The Perpetual Credit Income Trust invests in a pool of fixed income and credit assets with the objective of delivering a consistent and regular rate of return to investors. Portfolio managers Michael Korber and Anne Moal discuss how the PCI has been managed in the current market conditions and the opportunities they are seeing in credit and fixed income more broadly.
The Perpetual Credit Income Trust (PCI) targets a return of 3.25% above the RBA cash rate through the economic cycle by investing in a broad range of credit assets. The core of the portfolio are investment grade securities such as bonds and floating-rate notes issued by large corporate issuers, banks, insurance companies and occasionally governments. PCI augments returns by selective investments into high-yielding securities. As Anne Moal explained at a recent investor day presentation, PCI increases allocations towards specific high yield assets when we have identified particular relative value opportunities. Many companies restructured in 2020 in response to the Covid pandemic and, as a result, we have seen improved cashflow, balance sheets strengthened and simplified capital structures from issuers. These are positive attributes for when we assess issuers that we may lend to.
PCI’s investment guidelines are deliberately broad and as Michael Korber explained, the objective is to have a flexible investment strategy. This allows PCI to maximise the opportunity for returns in different segments of the credit market over time while still allowing us to minimise risk by being well-diversified across markets and individual issuers. To do this, a key part of the process is research and underlying risk control to determine how much risk we put into portfolios. Every security, every bond, every loan that we invest into is scrutinised by a team of research analysts, who spend a lot of time making sure that the assets we include in the portfolio are of the highest quality and meet that defensive characteristic that we're looking for in the portfolio.
With financial markets having risen on the back of strong economic growth expectations, supportive monetary and fiscal policy, and continued Covid vaccine rollout globally, we note that credit margins for both investment grade and high yield have rallied and returned to pre-COVID levels. Looking forward, we see strong positives in terms of the macroeconomic environment, patterns of issuance and maturities, and some technical factors. We think that the short-to-medium term outlook remains robust. The base case for investing remains quite sound and, with RBA closing its funding facility to the banking sector, we expect to see the banks returning to the credit market. That will generate an increased investment opportunity but, at the same time, it may put a little bit of pressure on spreads.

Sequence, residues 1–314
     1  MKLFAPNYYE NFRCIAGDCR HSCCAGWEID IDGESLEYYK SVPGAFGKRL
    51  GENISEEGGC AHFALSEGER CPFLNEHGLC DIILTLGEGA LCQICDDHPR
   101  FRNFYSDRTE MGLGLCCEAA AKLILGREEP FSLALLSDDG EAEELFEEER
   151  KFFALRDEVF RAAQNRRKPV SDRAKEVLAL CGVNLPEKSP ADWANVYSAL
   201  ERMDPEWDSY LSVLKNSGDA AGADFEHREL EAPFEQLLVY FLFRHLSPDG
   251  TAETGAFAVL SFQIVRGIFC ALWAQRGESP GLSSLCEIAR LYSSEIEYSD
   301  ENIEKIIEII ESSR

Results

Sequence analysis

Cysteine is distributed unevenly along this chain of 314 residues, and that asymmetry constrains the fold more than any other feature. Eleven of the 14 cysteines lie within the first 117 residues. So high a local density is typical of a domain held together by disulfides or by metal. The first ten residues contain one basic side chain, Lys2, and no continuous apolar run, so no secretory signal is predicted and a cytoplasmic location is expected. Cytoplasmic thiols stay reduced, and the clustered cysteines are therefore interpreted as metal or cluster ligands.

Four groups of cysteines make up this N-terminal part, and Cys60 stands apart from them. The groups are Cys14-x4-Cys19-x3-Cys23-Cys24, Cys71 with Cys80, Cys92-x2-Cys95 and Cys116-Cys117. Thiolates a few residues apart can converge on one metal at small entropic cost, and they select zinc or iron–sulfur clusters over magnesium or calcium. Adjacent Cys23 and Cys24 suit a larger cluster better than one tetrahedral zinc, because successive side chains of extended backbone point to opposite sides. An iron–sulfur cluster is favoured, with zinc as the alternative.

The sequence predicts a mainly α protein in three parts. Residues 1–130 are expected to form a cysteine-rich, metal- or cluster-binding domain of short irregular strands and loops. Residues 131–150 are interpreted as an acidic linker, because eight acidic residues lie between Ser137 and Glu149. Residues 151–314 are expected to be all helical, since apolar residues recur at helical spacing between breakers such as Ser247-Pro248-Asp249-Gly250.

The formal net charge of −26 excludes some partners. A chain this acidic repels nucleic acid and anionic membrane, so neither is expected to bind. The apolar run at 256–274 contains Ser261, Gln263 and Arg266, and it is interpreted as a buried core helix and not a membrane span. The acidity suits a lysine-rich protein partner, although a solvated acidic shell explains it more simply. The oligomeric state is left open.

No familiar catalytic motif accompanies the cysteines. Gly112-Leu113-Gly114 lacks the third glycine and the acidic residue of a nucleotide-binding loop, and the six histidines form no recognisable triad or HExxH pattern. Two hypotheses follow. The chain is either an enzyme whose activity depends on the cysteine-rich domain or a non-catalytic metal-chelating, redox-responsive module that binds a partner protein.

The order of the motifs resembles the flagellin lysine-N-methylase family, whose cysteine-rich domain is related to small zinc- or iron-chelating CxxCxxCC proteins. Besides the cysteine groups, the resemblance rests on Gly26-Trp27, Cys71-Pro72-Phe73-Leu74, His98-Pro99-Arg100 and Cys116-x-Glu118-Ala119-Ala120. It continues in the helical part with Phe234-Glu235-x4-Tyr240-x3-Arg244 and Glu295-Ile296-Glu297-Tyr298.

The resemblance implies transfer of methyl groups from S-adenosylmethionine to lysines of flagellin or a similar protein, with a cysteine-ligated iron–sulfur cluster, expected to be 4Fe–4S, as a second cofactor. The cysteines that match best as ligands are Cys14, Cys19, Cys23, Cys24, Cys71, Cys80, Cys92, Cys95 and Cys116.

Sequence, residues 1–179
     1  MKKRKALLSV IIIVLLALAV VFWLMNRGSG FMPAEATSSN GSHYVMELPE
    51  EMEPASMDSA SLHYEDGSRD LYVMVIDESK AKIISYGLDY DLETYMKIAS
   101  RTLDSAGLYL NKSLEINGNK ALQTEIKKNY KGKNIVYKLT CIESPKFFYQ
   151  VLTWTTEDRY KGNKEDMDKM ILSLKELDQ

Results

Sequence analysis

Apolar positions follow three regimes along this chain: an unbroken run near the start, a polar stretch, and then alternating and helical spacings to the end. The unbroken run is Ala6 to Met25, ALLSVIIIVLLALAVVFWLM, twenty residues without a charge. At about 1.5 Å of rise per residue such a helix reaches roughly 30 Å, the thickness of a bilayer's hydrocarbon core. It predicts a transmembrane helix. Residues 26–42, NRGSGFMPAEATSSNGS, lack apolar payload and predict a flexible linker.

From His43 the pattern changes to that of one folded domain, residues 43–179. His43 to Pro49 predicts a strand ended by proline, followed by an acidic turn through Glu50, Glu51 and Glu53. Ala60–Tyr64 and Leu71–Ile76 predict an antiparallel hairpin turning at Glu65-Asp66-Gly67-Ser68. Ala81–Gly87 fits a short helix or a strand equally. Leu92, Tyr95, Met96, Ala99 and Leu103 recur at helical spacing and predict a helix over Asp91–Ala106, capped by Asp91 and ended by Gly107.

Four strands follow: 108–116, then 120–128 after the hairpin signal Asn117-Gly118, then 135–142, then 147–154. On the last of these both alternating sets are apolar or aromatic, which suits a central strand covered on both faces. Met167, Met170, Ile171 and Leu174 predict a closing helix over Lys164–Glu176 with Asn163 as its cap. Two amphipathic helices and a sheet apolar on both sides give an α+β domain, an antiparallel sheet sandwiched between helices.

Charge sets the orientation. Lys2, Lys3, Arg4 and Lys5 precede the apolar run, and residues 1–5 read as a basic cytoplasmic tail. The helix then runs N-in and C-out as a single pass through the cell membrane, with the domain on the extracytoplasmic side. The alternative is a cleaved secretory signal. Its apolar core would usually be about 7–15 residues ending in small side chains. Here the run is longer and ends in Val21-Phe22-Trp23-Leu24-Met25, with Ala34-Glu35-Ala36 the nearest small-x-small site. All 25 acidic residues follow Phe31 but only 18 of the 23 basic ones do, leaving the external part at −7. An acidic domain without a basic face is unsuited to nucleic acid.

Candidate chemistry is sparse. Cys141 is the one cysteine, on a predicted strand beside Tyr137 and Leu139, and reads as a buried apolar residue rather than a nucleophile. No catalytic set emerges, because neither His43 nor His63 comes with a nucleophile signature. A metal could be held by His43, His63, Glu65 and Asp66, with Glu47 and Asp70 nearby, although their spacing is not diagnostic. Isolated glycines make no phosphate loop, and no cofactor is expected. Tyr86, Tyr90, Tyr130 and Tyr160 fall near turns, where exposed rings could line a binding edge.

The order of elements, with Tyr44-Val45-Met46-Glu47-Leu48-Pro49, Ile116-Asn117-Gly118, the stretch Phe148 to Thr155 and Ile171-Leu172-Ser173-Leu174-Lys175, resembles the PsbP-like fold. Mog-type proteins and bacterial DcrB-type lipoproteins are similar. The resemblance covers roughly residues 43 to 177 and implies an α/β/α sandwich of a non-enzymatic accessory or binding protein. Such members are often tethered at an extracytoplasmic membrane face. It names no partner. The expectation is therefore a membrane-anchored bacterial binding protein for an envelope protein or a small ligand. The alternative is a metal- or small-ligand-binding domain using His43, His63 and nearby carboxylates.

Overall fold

Our view is that investment grade assets in general have had a good run over the last four months. Over the next 12 months we may see a little bit of pressure coming into the market from increased issuance by banks. As a result, within our portfolios, we've been selectively increasing allocations to some specific high-yield assets that we've identified as being particularly strong relative value opportunities. In relation to companies that have been affected by Covid, and for which we have had good and timely information on performance and cash flows, they have strengthened balance sheets and raised liquidity. Some of the issuers have done very well through Covid and been provided with opportunity to deleverage or simplify their capital structure or acquire and this has provided us with some investment opportunities.
Looking a little further ahead future opportunities, we're fortunate as a result of the volatility around Covid to have a portfolio that is currently really well set. We believe that we've got good, solid, relatively high-running yield in the portfolio and so the pressure to take risk is not significant within the portfolio. One place we see opportunities is in the securitisation markets. We're in an environment where yields have been really low, so we have gradually built up a position there. Currently, we have around 16% of the portfolio in different asset-backed sectors, the largest of them being the residential mortgage market. The sector has been very resilient, and we've built our position because we think it will continue to offer competitive relative value and perform very well going forward. As at 30 June 2021, allocations to residential mortgage backed securities (RMBS), asset backed securities (ABS) and commercial mortgage backed securities (CMBS) comprised 16.1% of the portfolio.